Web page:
How to make yourself your tenants’ top priority in today’s challenging rental housing environment from veteran landlord David Pickron.
By David Pickron
Like most of you, when I was in college, funds were tight. Even as an underexperienced money manager, I knew had to prioritize which bills were going to get paid and when.
A memory that clearly sticks with me is walking to my car only to discover I had an unplanned expense, a flat tire. After arriving at the tire shop, I added up the cost of four new tires and realized that they were going to cost my entire monthly budget. Decision time: I chose to replace only the tire that went flat.
Every day after that I would inspect the three-remaining well-worn, quickly balding tires and skip over the new one. This created a habit for the next four years, replacing only the tires that got my full attention…the flat ones.
Many of our renters are facing a similar choice in today’s tumultuous and unpredictable economic climate.
With layoffs, furloughs, and job uncertainty, there often is not enough money and too many bills or financial responsibilities. Tenants are faced with the choice of paying the car payment or paying the rent.
With a new eviction moratorium in place, the choice got easier for many tenants; it allows them to see it as a protection for their housing, and choose to pay other bills first. It begs the question, “How do I make myself and receiving my rent my tenants’ top priority?” just like the flat tire that stopped my car cold back in the day.
Make yourself your tenants’ top priority
There is a reason that sayings like “the squeaky wheel gets the grease” and “out of sight, out of mind” are as relevant today as the day they were coined.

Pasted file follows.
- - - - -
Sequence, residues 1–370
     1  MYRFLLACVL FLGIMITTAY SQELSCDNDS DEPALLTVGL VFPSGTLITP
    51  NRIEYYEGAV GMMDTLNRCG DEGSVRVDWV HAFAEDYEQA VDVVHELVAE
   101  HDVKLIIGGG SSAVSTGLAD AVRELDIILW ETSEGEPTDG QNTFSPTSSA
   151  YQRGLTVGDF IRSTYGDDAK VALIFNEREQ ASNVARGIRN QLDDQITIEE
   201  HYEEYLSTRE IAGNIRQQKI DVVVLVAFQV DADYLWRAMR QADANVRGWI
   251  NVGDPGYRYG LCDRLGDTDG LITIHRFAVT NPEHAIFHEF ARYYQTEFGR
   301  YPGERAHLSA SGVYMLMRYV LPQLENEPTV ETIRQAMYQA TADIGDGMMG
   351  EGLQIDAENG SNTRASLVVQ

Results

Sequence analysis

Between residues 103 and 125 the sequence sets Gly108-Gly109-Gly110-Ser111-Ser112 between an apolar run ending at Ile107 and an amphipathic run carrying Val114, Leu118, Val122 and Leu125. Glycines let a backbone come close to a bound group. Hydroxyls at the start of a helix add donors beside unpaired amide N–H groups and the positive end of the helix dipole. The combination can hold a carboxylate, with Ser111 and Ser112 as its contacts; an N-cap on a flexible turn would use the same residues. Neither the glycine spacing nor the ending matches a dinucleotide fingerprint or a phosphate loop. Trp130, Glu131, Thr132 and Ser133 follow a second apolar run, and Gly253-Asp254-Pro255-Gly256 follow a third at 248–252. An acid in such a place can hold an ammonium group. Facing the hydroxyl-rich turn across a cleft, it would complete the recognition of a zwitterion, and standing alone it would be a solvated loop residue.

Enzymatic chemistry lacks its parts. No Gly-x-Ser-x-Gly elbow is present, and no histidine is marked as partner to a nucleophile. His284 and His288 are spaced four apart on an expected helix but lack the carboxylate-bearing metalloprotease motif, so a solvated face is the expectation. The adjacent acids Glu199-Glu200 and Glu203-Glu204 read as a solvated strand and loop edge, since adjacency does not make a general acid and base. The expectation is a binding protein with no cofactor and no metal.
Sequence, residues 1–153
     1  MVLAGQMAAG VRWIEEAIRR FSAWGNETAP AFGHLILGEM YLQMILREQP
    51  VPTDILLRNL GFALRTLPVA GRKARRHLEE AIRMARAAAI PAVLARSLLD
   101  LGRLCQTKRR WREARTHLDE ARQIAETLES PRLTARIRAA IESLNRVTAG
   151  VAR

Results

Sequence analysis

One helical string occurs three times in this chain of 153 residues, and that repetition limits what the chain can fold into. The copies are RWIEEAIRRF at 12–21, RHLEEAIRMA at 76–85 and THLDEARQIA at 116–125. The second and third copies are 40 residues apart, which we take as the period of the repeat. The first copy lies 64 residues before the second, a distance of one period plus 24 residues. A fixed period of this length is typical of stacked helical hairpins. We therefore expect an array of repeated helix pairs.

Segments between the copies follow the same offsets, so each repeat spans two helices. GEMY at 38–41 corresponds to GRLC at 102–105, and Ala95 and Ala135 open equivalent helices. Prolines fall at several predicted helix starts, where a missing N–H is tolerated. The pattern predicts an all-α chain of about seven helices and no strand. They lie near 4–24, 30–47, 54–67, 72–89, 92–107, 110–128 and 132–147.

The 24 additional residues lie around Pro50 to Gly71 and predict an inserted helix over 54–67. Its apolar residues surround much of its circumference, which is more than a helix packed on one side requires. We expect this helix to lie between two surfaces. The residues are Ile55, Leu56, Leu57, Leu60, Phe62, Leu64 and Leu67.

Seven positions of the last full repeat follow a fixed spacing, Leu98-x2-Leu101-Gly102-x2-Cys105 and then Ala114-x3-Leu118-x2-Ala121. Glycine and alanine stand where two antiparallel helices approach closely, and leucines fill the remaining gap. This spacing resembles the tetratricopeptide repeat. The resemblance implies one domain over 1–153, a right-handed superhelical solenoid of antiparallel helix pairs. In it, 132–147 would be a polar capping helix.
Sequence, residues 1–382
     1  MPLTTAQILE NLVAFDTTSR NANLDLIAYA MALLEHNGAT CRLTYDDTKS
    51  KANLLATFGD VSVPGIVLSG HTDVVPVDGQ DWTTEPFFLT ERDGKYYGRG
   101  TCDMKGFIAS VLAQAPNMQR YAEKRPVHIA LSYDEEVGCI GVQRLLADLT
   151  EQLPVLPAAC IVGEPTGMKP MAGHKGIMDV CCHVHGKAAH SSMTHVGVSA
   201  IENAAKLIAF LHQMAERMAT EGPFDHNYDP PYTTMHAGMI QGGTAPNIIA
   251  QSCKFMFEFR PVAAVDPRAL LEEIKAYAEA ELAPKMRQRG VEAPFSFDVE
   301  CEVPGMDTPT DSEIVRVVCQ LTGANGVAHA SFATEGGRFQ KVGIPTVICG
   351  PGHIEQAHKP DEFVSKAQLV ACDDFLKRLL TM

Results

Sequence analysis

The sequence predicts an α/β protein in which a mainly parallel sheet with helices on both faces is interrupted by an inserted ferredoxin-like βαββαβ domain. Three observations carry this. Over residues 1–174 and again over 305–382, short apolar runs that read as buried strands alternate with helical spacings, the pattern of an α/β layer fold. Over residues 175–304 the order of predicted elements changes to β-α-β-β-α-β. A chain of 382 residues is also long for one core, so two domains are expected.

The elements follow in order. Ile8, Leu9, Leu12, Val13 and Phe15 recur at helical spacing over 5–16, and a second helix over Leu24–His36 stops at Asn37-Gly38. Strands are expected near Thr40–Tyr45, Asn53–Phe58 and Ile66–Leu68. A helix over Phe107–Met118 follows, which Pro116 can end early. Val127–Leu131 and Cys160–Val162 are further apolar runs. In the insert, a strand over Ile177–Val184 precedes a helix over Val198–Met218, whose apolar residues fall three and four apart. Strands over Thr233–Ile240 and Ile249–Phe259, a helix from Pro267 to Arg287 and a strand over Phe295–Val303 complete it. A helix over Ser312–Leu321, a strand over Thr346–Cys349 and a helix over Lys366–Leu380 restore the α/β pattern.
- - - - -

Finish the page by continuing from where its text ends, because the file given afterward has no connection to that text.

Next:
The fact is that human beings prioritize, so you need to be a little squeaky and stay in front of your tenant at least once a month, regardless of whether they are paying you rent.
One successful strategy I have incorporated are monthly inspections. After serving the proper notice, I inspect the property on the 25th of the month, or five days before rent is due.
Here’s my reasoning:
- The 25th is about the date that most tenants start thinking about the rent that is due on the first. They have either just been paid or have a paycheck coming. I want them to see me and remember that they need to pay me, their landlord. I explain to all my tenants, whether they are current or not, that I might have to sell the house if I don’t get rent. I am inspecting so I know what needs to be fixed or updated in case I must sell.
- With more and more people being home from work and out of school, many people have made choices that might be a violation of the original lease agreement. Animal rescues doubled this year due to people being home more, and I have a no-pets policy. People have been moving in with others to save money, and you might suspect you have an unauthorized resident. It is not unusual to walk in and see a bong or other drug paraphernalia on the coffee table. If I know what is going on in my house, I have a remedy for eviction for lease violations for which the CDC order does not offer protection.
I had one landlord attendee on a Zoom call this week ask if she had to do this?
That’s something for you to decide, but you must consider, would you rather spend 20 minutes of your time to ensure you are a priority each month, or worry about not being able to pay your mortgage all month?
Yes 2020 has been a year where we all have had to work a little differently, oftentimes harder, to assure our continued success. If you want your rent, let your tenant know there are still consequences to not paying rent. Jump up and down and be seen; you are the priority. If you go flat like my tire did, you might end up stranded.
I would love to hear your creative ideas on how you are dealing with today’s uncertain environment. David@rentperfect.com
About the author
David Pickron is President of Rent Perfect and a fellow landlord who manages several short- and long-term rentals. He is a private investigator and teaches organizations across the country the importance of proper screening. His platform, Rent Perfect, was built to help the small landlord find success.